Using Ruby Refinements in Rails

Its not very often I get the chance to use refinements in Rails. My past experiences with it in the context of Rails applications has been less than satisfactory due to the way the framework handles code reloading and the way refinements’ scopes work.

However, I feel strongly enough to use refinements in a recent project due to the use / abuse of ActiveSupport#try method.

Supposing we have an Order class that has a single attribute, date. Also assuming that we have a method which calls to_date on that attribute like so:

 1 class Order
 2   attr_accessor :date
 3 
 4   def confirmed_date
 5     @date.to_date
 6   end
 7 end
 8 
 9 o = Order.new
10 puts o.date.to_date

If the date attribute is nil, the above would throw an undefined method on NilClass error. A common pattern in Rails application is to wrap the above in a try method from ActiveSupport:

 1 require 'active_support'
 2 require 'active_support/core_ext/object/try'
 3 
 4 class Order
 5   attr_accessor :date
 6 
 7   def confirmed_date
 8     @date.try(:to_date)
 9   end
10 end

Using the try method will return nil and not throw an exception. Underneath the hood, ActiveSupport has overridden NilClass with a try method to only return nil, disregarding any arguments passed into it:

 1 # from lib/active_support/core_ext/object/try.rb
 2 
 3 class NilClass
 4   def try(*args)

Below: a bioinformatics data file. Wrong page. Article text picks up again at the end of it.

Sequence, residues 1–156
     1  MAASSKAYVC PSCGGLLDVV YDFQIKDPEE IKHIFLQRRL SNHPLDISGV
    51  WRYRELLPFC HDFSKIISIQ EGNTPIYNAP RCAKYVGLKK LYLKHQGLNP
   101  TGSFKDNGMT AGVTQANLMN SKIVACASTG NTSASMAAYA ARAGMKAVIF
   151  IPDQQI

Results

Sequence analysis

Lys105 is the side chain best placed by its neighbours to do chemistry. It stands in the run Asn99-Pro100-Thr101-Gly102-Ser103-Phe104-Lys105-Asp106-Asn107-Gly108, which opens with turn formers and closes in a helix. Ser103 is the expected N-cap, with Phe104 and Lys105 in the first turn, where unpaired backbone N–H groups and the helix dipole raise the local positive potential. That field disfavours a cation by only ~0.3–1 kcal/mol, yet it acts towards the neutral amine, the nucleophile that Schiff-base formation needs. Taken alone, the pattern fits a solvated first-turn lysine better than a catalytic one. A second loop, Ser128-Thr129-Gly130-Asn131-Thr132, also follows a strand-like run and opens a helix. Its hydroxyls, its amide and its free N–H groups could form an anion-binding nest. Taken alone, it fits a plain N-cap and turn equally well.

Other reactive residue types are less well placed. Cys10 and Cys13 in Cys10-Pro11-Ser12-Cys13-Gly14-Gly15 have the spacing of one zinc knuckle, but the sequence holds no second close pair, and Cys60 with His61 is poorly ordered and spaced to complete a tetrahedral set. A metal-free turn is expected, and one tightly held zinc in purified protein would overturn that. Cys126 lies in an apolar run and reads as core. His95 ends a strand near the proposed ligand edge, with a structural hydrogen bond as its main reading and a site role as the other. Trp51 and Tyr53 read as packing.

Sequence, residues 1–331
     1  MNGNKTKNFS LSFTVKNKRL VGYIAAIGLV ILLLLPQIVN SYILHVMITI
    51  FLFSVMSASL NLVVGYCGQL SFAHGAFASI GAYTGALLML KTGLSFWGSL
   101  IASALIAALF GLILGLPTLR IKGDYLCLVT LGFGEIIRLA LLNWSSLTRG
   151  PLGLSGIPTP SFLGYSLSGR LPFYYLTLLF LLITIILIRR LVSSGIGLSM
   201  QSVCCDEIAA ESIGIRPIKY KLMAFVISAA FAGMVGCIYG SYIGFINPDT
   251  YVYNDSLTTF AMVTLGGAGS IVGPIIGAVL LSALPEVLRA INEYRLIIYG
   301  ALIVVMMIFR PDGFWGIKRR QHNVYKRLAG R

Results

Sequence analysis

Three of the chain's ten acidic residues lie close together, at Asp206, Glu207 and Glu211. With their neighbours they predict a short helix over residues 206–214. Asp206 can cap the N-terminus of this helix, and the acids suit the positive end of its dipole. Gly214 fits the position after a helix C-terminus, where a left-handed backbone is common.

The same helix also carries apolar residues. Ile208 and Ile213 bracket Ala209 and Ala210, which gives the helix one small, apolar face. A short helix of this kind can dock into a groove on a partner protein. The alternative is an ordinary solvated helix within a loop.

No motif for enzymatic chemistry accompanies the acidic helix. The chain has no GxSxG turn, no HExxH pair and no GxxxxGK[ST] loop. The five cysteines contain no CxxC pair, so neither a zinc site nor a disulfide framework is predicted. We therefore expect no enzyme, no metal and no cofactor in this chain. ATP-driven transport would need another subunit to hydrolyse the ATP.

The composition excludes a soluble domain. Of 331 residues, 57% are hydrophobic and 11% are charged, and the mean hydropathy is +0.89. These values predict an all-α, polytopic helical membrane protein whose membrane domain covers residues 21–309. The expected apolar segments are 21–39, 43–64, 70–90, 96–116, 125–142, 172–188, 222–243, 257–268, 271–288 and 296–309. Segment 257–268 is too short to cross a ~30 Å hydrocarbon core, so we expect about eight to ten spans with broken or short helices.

5     nil
 6   end
 7 
 8   def try!(*args)
 9     nil
10   end
11 end

This pattern is common in most Rails applications, and if you study the Rails source code, there are many examples given of this specific usage of try. But from a ruby perspective, this seems like a kind of anti-pattern to me. NilClass is just another object from the ruby ecosystem so why can’t we just define the missing to_date method on it in this case and not have to worry about calling another method from a dependency to deal with it? My immediate thought is to apply the NullObject pattern but I think it is overkill in this use case since there is only 1 method calling try.

Rather than overriding NilClass, my approach is to define to_date on it using Ruby refinements which I can use in the context I decide is applicable like so:

 1 module NilClassRefinements
 2   refine NilClass do
 3     def to_date
 4       nil
 5     end
 6   end
 7 end
 8 
 9 using NilClassRefinements
10 
11 class Order
12   attr_accessor :date
13 
14   def confirmed_date
15     @date.to_date
16   end
17 end
18 
19 o = Order.new
20 puts o.date.to_date.inspect

The above also returns nil if @date is nil and is easier to understand with the added benefit of not overriding the core data types in Ruby.

Stay curious and keep hacking!